A Few Notes on The Options Trading Body of Knowledge

In his 2009 book The Options Trading Body of Knowledge: The Definitive Source for Information About the Options Industry, author Michael Thomsett “provides a market overview and discussion of risks, in addition to a comprehensive listing of strategies.” He states that the “…book is designed for the options trader, whether a novice or skilled pro, who understands and appreciates the market issues.” He states that the book “provides a very comprehensive explanation of how option premium develops based on various elements of value; calculation of returns from options and stock trading; federal taxation works in the options market; how stocks are picked for options trading; online and print resources; and a very complete glossary of terms that options traders will find valuable.” Some notable points about the book are: Keep Reading

Strike Price Rolls for Option Writes?

A reader asked: “If you roll short call (or put) options up or down in strike price as the market moves to stay at-the-money, it seems you can collect quite a bit more time premium during a market trend compared to simply holding the original until expiration. I modify this adjustment process during the last week before options expiration by rolling to the next month when time premium gets below $1. In an range-bound market this process does not work as well as sell and hold, but it provides approximately 40-45% protection (trend capture) in the event of a strong trend down (up). Has anyone looked at this concept in detail?” Keep Reading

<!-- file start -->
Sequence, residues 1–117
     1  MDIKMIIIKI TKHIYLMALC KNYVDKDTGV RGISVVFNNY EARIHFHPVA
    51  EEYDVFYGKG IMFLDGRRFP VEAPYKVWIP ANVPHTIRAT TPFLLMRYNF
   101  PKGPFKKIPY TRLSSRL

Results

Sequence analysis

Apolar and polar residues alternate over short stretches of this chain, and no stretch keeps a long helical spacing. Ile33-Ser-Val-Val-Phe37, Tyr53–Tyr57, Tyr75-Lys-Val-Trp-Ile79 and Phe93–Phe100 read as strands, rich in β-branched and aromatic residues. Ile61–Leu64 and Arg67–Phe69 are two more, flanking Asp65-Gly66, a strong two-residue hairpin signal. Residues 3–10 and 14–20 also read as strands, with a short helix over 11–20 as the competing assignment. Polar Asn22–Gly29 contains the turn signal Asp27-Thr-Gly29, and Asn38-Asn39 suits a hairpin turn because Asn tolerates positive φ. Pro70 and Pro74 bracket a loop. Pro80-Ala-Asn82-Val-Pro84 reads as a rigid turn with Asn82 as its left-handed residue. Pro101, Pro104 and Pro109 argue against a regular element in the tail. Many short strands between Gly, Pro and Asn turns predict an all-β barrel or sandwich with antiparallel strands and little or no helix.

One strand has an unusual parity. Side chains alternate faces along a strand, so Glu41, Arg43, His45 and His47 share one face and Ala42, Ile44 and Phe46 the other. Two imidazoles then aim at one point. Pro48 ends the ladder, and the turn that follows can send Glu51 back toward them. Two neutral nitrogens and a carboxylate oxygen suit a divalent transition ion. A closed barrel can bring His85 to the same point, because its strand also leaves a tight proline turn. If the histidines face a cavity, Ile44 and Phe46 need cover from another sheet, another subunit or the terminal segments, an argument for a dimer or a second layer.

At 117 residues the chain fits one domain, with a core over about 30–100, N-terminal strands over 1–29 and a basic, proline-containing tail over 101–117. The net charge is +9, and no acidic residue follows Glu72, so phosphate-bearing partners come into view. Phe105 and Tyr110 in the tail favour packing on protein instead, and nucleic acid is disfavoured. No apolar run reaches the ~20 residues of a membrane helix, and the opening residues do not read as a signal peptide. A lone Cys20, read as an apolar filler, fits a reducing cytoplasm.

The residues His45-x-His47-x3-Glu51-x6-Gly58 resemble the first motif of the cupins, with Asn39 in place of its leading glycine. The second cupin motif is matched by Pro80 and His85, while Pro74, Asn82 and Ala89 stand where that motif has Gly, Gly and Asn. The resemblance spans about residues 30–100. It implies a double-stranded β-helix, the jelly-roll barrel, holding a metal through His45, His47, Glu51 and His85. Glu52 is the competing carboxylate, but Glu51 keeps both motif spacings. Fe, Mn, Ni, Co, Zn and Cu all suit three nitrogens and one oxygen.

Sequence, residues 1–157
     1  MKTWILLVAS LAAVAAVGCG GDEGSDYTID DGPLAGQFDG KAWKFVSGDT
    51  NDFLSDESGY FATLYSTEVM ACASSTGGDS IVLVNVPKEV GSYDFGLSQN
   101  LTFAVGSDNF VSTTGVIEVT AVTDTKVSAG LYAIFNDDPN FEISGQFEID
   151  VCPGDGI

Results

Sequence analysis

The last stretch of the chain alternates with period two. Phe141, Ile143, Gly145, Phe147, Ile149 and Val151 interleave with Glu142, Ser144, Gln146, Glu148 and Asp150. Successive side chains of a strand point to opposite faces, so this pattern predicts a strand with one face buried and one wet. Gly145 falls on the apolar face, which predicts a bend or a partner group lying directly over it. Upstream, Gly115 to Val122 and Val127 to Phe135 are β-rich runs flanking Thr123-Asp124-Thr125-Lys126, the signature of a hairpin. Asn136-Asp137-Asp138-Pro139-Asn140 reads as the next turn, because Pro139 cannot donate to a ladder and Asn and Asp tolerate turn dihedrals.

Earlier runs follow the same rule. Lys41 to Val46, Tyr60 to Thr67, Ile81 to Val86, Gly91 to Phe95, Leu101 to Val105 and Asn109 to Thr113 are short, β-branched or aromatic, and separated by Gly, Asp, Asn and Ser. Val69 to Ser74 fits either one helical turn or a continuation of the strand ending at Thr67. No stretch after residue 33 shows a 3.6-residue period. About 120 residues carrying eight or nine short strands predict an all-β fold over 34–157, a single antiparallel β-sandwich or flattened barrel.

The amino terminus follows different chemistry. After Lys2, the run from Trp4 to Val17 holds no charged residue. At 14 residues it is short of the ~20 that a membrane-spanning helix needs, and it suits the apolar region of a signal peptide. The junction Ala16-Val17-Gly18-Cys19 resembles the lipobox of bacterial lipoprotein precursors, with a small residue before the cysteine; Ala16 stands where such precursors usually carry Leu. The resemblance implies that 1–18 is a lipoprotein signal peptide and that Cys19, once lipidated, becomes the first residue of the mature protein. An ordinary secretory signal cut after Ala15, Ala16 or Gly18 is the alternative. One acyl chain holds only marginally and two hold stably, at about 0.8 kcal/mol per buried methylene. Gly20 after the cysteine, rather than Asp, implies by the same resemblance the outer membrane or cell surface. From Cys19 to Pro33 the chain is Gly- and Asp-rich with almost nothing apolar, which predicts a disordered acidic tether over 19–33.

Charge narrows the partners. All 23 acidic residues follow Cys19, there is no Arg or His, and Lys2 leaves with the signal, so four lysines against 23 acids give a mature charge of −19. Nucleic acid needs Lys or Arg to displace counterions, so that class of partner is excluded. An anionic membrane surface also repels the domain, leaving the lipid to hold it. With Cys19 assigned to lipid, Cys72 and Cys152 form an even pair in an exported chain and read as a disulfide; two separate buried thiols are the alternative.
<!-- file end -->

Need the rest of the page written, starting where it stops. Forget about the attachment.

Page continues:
Ways to Exploit ex-Dividend Effects?

A reader asked: “I am under the impression that stocks usually drop by the amount of the dividend on the ex-dividend day. Is this true…or more precisely, how true is this? If it is true, couldn’t one just short the stock on that day? If it is not true, could you just hold the stock for that day and reap the dividend? Also, could options be used to make some profits on this? Selling calls or buying puts?” Keep Reading

Wash Rules on Iterative Option Writes?

A reader asked: “I have seen some writings which suggest that iteratively selling puts, or covered calls for that matter, may trigger wash sale rules, even though expiration dates and probably strike prices would vary. The authors mentioned that the IRS may consider the re-establishment of a short position on the same security as triggering the wash sale rule. Are you aware of any definitive rulings on this issue?” Keep Reading

Sell Index Put Options Only When Above Long-term SMA?

A reader asked: “Have you considered a test of selling puts on the Russell 2000 Index only when it is above a long term moving average, such as the 10-month, 200-day, etc?” Keep Reading